My Carbonite backup currently consists of around 300GB of data and that would take me two years to upload! The main problem with this other than the fact that I’d have to keep my computer running 24/7 for years on end, is that Carbonite removes files from your offsite backup after 30 days once they have been removed from your computer. So, if I continue to use Carbonite my backups will be deleted in 30 days and it’ll take me over two years to get them back onto the Carbonite servers. Obviously during that time I will be without an offsite backup.

I have been in discussion with Carbonite about this, but they don’t seem to think it is a problem. They haven’t been very helpful and tend to just quote terms and conditions at me rather than accept that this is an issue they should deal with. I’ve been polite of course, and have tried to point out the problems in a way that should help them improve their service but they haven’t really wanted to listen.

It seems to me as though the algorithms Carbonite uses to determine what are and aren’t new files are fundamentally flawed as they don’t allow you to upgrade your computer and maintain a full backup on their servers. Everyone will update their computer at some point and when they do so their Carbonite backups will be rendered obsolete. Unfortunately because of this I can no longer recommend Carbonite and will have to search for other solutions.

Other Offsite Backup Solutions

I’ve taken a look for other solutions and there don’t really seem to be many that are suitable. BackBlaze and Mozy look good, but in order to get my offsite backups up and running quickly I really need a solution that offers a seeding service and none of them offer this in the UK. I may therefore have to resort to having two portable hard drives that I keep offsite somewhere (probably in Anna’s office). I’ll then swap them over each week and keep a cloned bootable backup on them. At least one will always be offsite and they’ll be cloned and swapped once a week.

This may even solve my bootable clone issues I’ve been having as I can get drives from another manufacturer that hopefully I’ll be able to boot from, It’ll solve my offsite backup issues too, and should, in the case of emergency, actually be better than a service such as Carbonite  or Backblaze as restoring files from an offsite hard drive will be much quicker and easier than trying to download it from a cloud based service.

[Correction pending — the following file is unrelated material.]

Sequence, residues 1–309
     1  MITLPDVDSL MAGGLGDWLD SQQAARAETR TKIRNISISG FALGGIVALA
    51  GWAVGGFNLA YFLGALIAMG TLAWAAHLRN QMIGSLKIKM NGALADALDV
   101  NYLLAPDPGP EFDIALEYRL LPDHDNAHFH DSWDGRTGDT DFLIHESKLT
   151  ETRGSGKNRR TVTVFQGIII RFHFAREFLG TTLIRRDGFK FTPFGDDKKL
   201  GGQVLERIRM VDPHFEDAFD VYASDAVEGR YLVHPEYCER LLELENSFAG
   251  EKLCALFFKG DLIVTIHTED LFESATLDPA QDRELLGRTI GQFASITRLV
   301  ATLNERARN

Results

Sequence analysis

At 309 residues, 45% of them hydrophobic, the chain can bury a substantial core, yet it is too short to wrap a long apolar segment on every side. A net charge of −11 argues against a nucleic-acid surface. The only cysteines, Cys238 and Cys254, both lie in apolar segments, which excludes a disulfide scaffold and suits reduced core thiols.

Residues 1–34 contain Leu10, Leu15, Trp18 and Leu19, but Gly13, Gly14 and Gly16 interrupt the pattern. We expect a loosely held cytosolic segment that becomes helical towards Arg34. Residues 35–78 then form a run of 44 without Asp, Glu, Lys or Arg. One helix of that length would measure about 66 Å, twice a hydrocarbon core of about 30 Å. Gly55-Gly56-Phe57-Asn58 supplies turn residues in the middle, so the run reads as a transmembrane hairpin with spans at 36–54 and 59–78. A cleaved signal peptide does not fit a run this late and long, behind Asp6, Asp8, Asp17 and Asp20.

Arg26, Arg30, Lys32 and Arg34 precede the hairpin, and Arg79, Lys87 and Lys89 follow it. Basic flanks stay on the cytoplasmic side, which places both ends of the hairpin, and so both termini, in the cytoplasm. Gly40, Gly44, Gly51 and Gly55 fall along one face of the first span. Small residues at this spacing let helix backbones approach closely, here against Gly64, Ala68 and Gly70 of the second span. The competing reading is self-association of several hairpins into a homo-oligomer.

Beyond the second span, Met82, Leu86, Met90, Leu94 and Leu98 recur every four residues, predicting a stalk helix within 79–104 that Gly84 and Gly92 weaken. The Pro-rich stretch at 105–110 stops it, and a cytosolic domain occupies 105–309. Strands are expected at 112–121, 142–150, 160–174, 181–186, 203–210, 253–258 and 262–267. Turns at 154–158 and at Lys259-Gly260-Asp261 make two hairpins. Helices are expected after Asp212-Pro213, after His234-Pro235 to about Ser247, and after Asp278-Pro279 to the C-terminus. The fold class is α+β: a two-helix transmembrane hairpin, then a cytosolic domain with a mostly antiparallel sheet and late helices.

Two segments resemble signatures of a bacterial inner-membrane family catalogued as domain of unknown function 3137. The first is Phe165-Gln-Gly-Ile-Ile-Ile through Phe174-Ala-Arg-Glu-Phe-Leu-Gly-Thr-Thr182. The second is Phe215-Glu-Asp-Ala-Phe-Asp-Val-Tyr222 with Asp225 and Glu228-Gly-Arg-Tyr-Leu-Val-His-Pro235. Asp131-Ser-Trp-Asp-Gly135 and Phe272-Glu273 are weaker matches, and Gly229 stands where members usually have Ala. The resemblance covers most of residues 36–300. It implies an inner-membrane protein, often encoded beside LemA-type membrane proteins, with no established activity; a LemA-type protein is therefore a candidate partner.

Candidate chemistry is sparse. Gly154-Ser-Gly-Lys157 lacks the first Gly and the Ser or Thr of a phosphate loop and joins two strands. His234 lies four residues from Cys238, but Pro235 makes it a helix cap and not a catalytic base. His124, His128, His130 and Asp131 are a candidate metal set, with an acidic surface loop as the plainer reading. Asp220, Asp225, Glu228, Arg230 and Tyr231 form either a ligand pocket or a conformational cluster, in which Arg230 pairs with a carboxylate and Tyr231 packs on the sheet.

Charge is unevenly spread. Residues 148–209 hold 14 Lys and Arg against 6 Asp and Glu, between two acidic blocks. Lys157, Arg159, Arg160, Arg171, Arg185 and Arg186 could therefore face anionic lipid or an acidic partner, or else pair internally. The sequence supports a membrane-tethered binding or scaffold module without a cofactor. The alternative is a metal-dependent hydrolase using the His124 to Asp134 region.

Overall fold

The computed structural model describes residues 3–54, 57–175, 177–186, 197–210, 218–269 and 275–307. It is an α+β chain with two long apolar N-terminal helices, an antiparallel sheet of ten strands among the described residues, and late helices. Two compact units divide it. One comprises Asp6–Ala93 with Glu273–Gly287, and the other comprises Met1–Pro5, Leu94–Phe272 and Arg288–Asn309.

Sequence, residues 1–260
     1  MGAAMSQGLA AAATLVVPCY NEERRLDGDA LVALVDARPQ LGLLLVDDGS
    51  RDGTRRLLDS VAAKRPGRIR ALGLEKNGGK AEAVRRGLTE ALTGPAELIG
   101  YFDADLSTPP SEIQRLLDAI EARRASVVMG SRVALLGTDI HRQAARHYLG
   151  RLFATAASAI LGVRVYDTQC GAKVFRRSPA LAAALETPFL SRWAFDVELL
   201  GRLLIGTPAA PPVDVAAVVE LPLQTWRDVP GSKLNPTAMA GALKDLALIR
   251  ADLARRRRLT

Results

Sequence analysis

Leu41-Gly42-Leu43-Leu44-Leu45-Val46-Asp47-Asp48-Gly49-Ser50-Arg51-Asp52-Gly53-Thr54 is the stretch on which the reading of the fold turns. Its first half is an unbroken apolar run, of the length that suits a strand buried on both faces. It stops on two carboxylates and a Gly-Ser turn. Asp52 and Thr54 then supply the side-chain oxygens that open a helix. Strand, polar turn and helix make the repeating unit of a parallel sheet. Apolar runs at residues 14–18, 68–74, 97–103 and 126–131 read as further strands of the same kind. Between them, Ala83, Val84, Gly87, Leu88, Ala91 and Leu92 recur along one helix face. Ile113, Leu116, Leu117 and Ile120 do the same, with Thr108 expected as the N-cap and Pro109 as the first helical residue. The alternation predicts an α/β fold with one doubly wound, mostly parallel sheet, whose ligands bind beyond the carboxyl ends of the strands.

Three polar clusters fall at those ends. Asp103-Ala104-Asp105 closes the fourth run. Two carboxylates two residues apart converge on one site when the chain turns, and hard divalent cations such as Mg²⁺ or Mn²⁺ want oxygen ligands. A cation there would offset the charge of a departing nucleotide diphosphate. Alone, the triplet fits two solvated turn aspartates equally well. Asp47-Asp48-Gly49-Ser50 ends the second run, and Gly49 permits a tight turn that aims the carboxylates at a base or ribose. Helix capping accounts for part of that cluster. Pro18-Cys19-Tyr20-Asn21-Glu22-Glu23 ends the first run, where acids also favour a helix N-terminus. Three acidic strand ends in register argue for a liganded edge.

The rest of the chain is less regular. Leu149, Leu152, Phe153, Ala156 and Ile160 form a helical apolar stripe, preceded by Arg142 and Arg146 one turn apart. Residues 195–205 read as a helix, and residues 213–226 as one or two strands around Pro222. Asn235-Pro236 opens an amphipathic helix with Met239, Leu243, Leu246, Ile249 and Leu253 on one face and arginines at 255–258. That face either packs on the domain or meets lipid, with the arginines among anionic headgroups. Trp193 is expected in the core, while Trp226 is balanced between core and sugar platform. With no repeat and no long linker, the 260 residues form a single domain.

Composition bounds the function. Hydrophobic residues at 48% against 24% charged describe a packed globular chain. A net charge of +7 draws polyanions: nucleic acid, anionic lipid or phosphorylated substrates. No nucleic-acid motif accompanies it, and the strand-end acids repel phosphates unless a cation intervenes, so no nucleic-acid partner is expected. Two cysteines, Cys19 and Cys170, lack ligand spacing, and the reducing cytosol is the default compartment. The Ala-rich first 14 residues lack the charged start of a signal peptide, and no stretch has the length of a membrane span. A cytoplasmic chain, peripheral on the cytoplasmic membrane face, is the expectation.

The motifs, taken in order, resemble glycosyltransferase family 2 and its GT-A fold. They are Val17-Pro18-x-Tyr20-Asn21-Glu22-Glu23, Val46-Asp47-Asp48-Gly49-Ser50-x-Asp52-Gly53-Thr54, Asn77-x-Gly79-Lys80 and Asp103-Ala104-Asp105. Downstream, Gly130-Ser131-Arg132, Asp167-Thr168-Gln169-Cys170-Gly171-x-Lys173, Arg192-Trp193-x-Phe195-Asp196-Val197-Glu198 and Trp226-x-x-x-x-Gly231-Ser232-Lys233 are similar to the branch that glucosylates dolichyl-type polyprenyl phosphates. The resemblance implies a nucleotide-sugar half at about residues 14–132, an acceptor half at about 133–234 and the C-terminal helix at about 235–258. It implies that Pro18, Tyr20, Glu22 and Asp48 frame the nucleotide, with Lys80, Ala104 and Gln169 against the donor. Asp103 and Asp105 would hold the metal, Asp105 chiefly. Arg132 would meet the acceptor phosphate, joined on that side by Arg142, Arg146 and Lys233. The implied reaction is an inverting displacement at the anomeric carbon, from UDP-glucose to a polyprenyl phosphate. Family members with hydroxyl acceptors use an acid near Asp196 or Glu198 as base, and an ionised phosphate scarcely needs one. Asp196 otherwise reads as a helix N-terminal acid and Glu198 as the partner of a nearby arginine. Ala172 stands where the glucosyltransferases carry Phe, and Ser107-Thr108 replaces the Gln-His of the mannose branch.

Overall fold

So How’s the iMac?

Other than these issues, the new iMac is certainly a lot faster than the old one. The screen is bigger, it’s thinner and looks good on my desk.

The fusion drive seems to work without really noticing it. It starts up quickly (from the internal drive) and seems to zip along when doing things. The speed increases are mostly noticed when opening applications such as Photoshop. It does hang now and then and I still get some spinning beach balls from time to time which is a bit of a surprise, but I suppose it doesn’t take long to get used to a faster machine. I’m sure when I go on the older iMac it will seem terribly sluggish in comparison.

I’m not that enamoured with the Magic Trackpad, I should have stuck with the Magic Mouse. I have asked Apple if they can exchange it and they say they can, but in order to do so I’ll have to send the whole computer back… That’s just ridiculous and far too much effort so it looks as though I’ll have to stick with the trackpad and possible RSI, or fork out for another Magic Mouse.

Otherwise, all seems good and I just need to sort out my backup strategies so that I can be 100% happy with it all.

The fact that my iPod Nano decided to break last weekend hasn’t helped my technology woes either.  Apple apparently couldn’t fix it even though it was only a stuck button so I’ve had to downgrade to an iPod shuffle. Hopefully soon I’ll be a happy Apple Fanboy again, just as soon as I’m back on top of all my technology and gadgets.

 

2 Responses

  1. Saturday, November 8th, 2014

    […] as well. I always used to use Carbonite but had some problems with their service and not only lost confidence in it but decided that it simply wouldn’t work because there was no way of carrying a backup over when you upgrade or change your computer. A […]

  2. Thursday, September 15th, 2016

    […] this in mind and after lots of support calls to Carbonite to see if they could help I decided to cancel my Carbonite subscription and revert to the old […]

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Alan Cole

Alan is a Freelance Website Designer, Sports & Exercise Science Lab Technician and full time Dad & husband with far too many hobbies: Triathlete, Swimming, Cycling, Running, MTBing, Surfing, Windsurfing, SUPing, Gardening, Photography.... The list goes on.